Malcolm X charged the Black church with being a sleeping giant. Others have criticized the so-called “megachurch” for being impersonal, navel-gazing, and prideful in its largeness. Even a broken ankle can swell, but healthy bones grow in order to provide support for other parts of the body. I continually challenge the Enon Church to examine whether we are just swelling or whether we are providing meaningful support for the community.
Most recently, Enon joined the NAACP and churches all over the country in a commitment to register, educate and mobilize voters. But we knew we had to first get our own house in order. So we agreed to look at ourselves to determine how many Enon members were actually registered to vote. We were able to check records for the vast majority of the adult membership. Of approximately 11,000 members, 10,571, or 96 percent, are registered to vote. Along with a number of Philadelphia churches, we are now committed to helping others register and obtain a valid photo ID that they need to protect their right to vote.
Every individual and organization can do the same. Are you registered to vote? Are 96 percent of those in your family, neighborhood, sorority, fraternity, book club or circle of influence registered and in possession of a valid ID? Ask and then offer to help. Anyone needing forms or assistance can call Enon at (215) 276-7200 or visit the NAACP’s website (www.thisismyvote.org).
Education is the second part of the fight. Know what your community needs and how to vote to get those needs met. Everything from the level of funding for public education to sentencing laws is determined by who is in office. Don’t just talk about the last playoff game, but talk about what’s happening in the Senate as well.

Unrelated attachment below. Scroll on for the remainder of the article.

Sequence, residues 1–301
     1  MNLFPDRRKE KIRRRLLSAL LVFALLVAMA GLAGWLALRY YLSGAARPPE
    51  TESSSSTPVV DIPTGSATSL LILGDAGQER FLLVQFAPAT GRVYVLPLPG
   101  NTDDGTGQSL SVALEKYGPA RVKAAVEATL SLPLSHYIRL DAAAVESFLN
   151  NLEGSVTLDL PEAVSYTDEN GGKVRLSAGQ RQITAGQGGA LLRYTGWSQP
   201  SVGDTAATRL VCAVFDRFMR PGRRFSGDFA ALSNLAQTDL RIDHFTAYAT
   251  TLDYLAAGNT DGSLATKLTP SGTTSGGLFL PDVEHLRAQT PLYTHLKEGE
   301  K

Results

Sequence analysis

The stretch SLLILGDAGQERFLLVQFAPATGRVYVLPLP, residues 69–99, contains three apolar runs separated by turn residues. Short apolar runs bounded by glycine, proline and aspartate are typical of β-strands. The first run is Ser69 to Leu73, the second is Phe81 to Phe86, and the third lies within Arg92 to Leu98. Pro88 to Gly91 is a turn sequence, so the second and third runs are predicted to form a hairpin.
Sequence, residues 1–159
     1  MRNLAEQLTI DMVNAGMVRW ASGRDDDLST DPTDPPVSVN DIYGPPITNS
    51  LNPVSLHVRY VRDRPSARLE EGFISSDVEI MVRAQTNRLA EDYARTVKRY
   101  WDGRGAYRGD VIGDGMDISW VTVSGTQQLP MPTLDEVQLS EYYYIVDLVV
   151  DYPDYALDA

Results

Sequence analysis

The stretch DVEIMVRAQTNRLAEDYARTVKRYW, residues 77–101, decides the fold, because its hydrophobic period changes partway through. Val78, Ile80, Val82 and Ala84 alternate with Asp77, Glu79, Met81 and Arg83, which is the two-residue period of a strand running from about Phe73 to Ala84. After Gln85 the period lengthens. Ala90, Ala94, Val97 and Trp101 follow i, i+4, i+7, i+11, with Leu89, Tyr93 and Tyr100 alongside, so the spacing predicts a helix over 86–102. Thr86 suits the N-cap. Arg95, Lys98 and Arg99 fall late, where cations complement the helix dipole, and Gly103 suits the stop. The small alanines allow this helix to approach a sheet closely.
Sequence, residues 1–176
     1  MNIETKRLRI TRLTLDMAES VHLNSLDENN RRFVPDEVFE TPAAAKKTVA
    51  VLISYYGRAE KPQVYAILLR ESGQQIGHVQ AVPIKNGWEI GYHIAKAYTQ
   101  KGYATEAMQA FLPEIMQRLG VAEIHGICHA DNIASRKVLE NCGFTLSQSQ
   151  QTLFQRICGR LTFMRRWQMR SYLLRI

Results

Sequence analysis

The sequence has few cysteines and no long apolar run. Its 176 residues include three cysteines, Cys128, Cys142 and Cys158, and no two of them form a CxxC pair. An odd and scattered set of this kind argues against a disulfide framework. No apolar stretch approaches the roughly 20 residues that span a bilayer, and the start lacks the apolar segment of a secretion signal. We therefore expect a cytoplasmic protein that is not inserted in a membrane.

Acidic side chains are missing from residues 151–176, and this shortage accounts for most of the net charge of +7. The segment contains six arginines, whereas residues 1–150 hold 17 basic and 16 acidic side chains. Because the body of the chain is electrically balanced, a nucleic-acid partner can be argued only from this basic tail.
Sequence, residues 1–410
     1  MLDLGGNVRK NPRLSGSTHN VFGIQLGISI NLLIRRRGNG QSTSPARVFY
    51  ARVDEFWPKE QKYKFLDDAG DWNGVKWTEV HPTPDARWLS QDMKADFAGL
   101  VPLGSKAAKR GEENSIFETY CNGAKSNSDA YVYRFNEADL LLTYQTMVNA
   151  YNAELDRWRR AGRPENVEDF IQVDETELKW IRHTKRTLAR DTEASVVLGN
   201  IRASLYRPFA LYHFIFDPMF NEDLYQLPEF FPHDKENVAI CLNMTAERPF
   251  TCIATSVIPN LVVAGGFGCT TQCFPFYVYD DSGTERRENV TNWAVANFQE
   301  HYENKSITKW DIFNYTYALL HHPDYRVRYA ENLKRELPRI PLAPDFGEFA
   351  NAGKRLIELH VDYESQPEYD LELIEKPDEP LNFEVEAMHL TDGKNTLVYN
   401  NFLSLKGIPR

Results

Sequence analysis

Finally, mobilize. Being 96 percent or even 100 percent registered doesn’t matter if you don’t show up at the polls. Politicians know that you determine if they will hold office, but some count on the fact that you simply won’t wield your power.
The Bible is clear in terms of our purpose: First, love God and then love others. Loving others means working to ensure that our communities are strong, our children have safe and high-quality schools and our elders and poor are protected. While our purpose is the same, we’ve each been given different talents and abilities to contribute to our collective well-being. Some coach a youth sports team or conduct research that influences public policy. Others use art and music to spread a message of love and social justice. Still others use their voices to speak truth to power and communicate hope. But all of us have the ability to use the ballot to effect positive change. We must prepare now to demonstrate our power in November.
The Rev. Dr. Alyn E. Waller is the senior pastor of Enon Tabernacle Baptist Church in Philadelphia.